If the question was targeting also the susceptibility to external noise, than the answer accepted was not complete. There is much more involved here.
I can recommend an excellent book on the subject, The Circuit Designers Companion.
You will want to read at least the first two chapters, grounding and wiring.
Decoupling capacitors have their role in reducing the electrical noise radiated out by the circuit. Narrow but possibly high current power supply peaks are contained within the small area near the high speed components, instead of pulling the current all the way from the power supply.
However, if the question was also how to prevent the EMI (Electromagnetic Interference) from the outside to play havoc with your circuit, that there are many other factors involved.
One of the most important things you should take care of is the cable and signal routing. The ground references should be kept separated, and if you had several circuits boards their grounds should be connected in s single point (star topology grounding).
High speed or high current lines should be kept separated from the low level signal lines. If such cables (or PCB traces) have to cross their paths, it should be done at right angle, minimizing the length of path running in parallel, and forming a stray capacitance.
Analog and digital inputs should be protected by filter components, and protection diodes. Output components switching high currents with inductive loads should also be protected by schottky diodes and filter components. Very often the software plays important role. For example, some communication protocols can adjust the signal slew rate (signal edge rise / fall time) to reduce the radiated interference.
There are many other measures, besides obvious shielding, keeping the 'electrically dirty' parts away, orienting the transformer so then it does emit it's magnetic field through the low voltage input stages of some sensitive amplifier. Avoiding or at least keeping the signal path loops short and narrow is always a good practice. Some beginners would route the PCB in a way that there is a power supply (or ground) trace around a board, just in case something needed to be connected. It it is fine if this was a true ground plane, but if it is just a wider track then it should be broken at some point, or it will serve as an antenna (both receiving and transmitting noise). I hope you have the picture, this subject is broad and involves much, much more than spreading few capacitors around the board.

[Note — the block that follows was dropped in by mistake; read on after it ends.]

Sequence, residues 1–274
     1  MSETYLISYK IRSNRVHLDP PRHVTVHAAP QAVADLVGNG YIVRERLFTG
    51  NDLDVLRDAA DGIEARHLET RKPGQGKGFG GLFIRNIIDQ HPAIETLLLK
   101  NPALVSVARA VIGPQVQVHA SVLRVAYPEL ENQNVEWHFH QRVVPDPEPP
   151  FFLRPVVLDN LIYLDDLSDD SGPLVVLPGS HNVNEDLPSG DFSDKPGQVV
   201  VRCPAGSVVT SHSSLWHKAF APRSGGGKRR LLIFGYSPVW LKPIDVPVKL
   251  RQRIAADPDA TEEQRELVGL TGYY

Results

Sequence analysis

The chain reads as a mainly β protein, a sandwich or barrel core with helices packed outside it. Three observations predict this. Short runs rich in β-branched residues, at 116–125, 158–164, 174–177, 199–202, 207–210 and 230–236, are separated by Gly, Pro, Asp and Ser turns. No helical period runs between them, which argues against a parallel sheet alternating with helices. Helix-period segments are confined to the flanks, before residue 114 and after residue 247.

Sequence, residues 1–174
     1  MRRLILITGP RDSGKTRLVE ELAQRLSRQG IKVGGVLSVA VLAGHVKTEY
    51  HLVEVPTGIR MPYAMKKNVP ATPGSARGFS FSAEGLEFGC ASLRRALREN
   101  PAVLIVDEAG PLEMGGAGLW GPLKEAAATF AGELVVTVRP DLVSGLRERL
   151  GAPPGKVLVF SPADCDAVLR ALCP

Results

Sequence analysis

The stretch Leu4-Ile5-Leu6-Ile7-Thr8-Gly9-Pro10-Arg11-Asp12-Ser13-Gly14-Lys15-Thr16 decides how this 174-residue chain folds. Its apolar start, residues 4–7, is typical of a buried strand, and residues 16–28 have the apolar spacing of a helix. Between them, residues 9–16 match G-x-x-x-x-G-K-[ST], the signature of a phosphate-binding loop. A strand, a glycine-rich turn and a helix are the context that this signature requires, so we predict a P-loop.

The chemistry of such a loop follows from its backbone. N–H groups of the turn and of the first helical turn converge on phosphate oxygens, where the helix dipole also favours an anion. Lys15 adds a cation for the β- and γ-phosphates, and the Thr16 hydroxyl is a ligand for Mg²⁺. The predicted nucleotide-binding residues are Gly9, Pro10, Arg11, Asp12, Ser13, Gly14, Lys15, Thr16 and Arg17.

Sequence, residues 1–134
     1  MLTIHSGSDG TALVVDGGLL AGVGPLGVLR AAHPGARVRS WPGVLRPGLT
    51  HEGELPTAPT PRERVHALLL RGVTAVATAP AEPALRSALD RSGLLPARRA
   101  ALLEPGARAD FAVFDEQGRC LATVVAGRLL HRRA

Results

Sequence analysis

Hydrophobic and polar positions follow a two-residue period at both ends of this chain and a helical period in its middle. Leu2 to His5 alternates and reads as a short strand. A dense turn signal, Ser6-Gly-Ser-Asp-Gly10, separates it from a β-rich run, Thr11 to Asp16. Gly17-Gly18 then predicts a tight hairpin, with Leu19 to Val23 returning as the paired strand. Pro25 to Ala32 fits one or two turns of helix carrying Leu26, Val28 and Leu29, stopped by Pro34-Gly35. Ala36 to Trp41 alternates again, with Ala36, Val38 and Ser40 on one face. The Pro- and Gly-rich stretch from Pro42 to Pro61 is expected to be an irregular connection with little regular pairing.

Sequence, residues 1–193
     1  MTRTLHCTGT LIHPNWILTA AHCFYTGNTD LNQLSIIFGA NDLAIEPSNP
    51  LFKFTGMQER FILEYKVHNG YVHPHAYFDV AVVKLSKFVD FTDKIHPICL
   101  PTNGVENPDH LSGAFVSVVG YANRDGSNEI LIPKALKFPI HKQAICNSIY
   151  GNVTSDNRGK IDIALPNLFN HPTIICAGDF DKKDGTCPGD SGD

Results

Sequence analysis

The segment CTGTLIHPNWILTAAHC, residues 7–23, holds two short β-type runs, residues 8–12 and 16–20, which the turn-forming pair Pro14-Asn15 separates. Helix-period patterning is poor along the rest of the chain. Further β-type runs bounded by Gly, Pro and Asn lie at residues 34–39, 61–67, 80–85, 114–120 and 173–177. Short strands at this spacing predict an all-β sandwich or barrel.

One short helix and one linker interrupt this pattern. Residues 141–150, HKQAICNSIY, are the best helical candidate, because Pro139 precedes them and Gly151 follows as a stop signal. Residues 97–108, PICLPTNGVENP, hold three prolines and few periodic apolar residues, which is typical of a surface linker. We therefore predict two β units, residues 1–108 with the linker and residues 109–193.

The solution is not to use the wall switch to control the fan, but the remote, as the product is designed; and to produce a wall holder for the remote which is placed such that people coming into the room are guided to use the remote rather than the switch, and such that they can invoke the "light on" function of the remote without removing from the holder, so that the remote acts as the de facto wall-mounted light switch for the room.
The issue is clearly that when you walk into the room, the main switch is always in its expected location, which reinforces the behavior of reaching for it, whereas you have to look for the remote. If the remote is in a holder that is more conveniently reachable than the switch and as easy to operate, that problem will solve itself via user behavior modification.
You could also make modifications to the wall switch to make it less convenient to operate. For instance, if it is a large, flat rocker switch, build a cover for it so that the rocker can only be operated through finger-sized holes in the cover, discouraging regular use.
If these Hunter Fan people were more clever, they would sell or include junction box covers that double as remote control holders. That way users could uninstall their light switch (wiring the circuit so that it is permanently on) and replace the switch panel with the remote control holder panel, so that the remote control now appears exactly where the switch used to be.
You need to decide how the interference is getting to your ADC input. The best way of dealing with the problem is at the source of the problem. The problem could be: -
These are just a few and until you resolve what is wrong and where it is wrong, asking for canonical solutions is premature.
There may be several solutions, all of which will work with any of the pictures in your question and these might involve: -
Work out what is causing the problem first and why.